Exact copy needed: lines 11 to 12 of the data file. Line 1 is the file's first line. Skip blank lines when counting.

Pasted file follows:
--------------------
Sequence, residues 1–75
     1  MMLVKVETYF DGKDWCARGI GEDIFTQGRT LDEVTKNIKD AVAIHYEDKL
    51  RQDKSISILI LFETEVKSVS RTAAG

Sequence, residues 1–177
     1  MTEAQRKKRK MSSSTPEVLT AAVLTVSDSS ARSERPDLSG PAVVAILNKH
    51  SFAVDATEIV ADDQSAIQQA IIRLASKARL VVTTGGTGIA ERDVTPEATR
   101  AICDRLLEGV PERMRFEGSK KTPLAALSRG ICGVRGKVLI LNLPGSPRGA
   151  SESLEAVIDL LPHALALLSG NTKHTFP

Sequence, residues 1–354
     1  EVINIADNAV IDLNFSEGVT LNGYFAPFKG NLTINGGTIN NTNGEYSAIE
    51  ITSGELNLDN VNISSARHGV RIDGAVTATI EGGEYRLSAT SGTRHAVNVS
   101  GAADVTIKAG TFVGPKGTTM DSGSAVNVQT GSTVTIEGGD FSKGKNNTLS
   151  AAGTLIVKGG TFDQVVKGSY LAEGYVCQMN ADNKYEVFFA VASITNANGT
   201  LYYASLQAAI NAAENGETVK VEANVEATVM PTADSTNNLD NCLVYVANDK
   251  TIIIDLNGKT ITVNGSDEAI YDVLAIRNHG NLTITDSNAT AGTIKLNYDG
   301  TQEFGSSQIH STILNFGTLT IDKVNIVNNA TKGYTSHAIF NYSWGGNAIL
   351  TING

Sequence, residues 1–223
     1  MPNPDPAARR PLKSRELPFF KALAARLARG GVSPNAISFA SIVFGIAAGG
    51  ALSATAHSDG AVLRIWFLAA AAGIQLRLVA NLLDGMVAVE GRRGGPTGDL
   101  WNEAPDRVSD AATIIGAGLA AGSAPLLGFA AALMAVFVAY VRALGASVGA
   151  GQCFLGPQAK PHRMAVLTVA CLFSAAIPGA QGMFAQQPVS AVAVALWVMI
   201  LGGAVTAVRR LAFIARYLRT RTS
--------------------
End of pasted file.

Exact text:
    51  ITSGELNLDN VNISSARHGV RIDGAVTATI EGGEYRLSAT SGTRHAVNVS
   101  GAADVTIKAG TFVGPKGTTM DSGSAVNVQT GSTVTIEGGD FSKGKNNTLS